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  • William B. Taylor

Indie Publishing In Foreign Languages

Indie authors wear a lot of hats, and for those that enjoy a challenge, writing and publishing as an indie can offer you freedoms that traditional publishing may not. Sure, you have to do most of the work yourself, but you also maintain control over your work. Part of this control involves being able to enter foreign markets and have your book printed in another language.

There are a few 'free', or rather 'royalty share' translation companies with which I have become familiar. One of the largest translation services is a company called Babelcube. Bablecube allows authors to advertise their works and then interested translators will contact you with an offer to translate your book into a specific language. When completed, Bablecube places your newly translated foreign language book on Amazon. Sales of the book are split between you, the translator and, of course, Bablecube. For the first sales under $2,000.00, you receive a 30% commission, the translator receives 55% and Bablecube the remaining 15%.

I listed my first two novels on Bablecube and got an offer almost immediately to translate the first into Spanish. I accepted the offer, mainly because I was able to verify the translation, which is a VERY important consideration, and a few months later my book was published in Spanish. That was in October, 2017 and to date, I have earned an eye-watering $3.00 in royalties. Hardly worth the effort although I feel badly for the translator as she has not recouped her time for the project.

I soon discovered the Bablecube, although the say they market your books on all sorts of different sales platforms, appear to just put the book on websites and hope for the best. I have had zero proof of any marketing efforts being made, and the horrid sales would attest to that fact. I had my second novel listed with them, but recently pulled all books from their site.

The other translation service I used was Fiberead, another royalty share platform. My main goal with using Fiberead was to make my books available in China as I have a number of people I know there that wanted to read my books in their native language. The translation process did not involve a lot of time on my part (other than writing the books in the first place!), but it was a horrendously slow process, and the communication throughout the 14 months it took to complete was non-existent.

When the two books were finally translated, the approval process to allow publication in China took a very long time (6 months) and once again, I could get no information about what was going on. The books were finally published in China and were put on sale through Amazon. The funny part was, my contact at Fiberead did not even know that one of my books was on sale with Amazon until I told her that it was.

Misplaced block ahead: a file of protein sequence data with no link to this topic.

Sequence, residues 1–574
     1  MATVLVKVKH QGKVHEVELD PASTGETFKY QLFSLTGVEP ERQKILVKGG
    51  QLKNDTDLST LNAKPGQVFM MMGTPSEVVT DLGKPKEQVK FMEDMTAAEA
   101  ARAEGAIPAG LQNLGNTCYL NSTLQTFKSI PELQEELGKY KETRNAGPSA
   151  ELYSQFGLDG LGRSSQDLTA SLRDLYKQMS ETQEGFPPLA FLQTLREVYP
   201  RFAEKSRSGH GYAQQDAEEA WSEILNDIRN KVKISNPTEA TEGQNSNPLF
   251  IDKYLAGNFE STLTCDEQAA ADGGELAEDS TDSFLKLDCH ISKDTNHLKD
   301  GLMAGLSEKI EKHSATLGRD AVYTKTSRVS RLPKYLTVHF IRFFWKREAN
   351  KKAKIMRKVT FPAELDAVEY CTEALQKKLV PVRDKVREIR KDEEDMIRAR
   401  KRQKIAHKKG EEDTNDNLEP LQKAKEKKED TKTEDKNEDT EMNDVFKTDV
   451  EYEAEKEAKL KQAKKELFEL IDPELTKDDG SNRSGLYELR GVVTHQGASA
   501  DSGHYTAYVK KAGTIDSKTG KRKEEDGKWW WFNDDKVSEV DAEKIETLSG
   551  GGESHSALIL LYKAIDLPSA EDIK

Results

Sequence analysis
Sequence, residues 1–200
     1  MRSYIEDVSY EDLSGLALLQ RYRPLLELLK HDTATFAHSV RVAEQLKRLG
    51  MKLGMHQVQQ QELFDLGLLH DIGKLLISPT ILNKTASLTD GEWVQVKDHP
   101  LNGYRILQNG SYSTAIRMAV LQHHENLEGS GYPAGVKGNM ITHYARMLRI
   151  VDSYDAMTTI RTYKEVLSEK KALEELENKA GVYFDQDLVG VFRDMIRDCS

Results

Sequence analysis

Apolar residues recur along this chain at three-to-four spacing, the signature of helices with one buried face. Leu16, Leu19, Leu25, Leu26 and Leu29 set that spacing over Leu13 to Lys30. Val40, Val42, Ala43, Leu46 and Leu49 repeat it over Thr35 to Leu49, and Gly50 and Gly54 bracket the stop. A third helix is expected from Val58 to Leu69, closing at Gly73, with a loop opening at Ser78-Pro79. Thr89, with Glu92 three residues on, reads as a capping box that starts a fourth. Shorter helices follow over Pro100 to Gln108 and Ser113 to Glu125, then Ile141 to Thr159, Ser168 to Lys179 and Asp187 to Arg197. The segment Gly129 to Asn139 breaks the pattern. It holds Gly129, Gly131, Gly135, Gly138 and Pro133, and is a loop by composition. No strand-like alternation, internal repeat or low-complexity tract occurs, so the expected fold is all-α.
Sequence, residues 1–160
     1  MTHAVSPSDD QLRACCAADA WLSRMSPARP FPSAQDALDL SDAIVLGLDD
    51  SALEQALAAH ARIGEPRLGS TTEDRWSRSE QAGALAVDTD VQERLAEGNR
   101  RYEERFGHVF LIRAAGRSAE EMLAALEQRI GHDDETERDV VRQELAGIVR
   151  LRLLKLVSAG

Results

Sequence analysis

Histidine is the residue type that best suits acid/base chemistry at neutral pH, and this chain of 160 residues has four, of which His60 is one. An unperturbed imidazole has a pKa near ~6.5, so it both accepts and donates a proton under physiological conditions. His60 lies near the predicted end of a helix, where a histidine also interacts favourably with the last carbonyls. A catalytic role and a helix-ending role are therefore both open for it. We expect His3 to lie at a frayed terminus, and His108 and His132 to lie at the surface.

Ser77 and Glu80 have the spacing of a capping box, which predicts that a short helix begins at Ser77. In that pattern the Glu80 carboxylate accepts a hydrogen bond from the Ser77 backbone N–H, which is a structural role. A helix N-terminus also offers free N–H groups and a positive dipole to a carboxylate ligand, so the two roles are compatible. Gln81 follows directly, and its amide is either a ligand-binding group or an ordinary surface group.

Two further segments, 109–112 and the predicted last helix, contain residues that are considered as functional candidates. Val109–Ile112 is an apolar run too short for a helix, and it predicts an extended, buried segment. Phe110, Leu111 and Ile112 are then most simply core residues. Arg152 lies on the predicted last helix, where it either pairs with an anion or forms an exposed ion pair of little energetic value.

My next frustration came with the inability of Fiberead to offer any sort of marketing or promotion of my books, even when I offered to pay to do so. They also just place your books on several websites and then hope the book sells. When the book does sell however, you don't really know. Fiberead's sales reports are at least two months delayed, the reasons for the delay are also not able to be explained to me. Receiving responses that "it takes time" and "be patient" do not sit well with me, especially when I know that Amazon has a good sales reporting system, at least when it is working (that is a story for another blog post!).

I do know that my books are selling in China as I see their sales rankings improving, but I have no idea how many books I have sold. I also had zero input in how much the books would be sold for; Fiberead made the sales price decision on their own, with no consultation and no reasons given for the prices (one is reasonably priced, the other one might as well be given away it is so low).

I have decided that I will wait and see what sort of interest and sales my books generate in China before I consider having my third novel, or any future novels, translated into the Chinese language. If they sell well, I think I will pay a translator to do the work and then sell as an indie or through a more traditional publisher. The lack of communication and transparency that I have been experiencing is not something I like.

If you are not worried about having control over your foreign language marketing efforts, and don't mind being kept in the dark for months at a time, using one of these services may be suitable for you. If however, you are like me and like to have control over marketing efforts rather than just hoping for the best, you might want to consider paying for a translator and then indie publishing your works.

I will continue to update my readers as the months go on, but for now I think I will just stick to publishing my future novels in English. If there is really a demand for my work in another language, I think I will find another way to enter the market other than to use these services.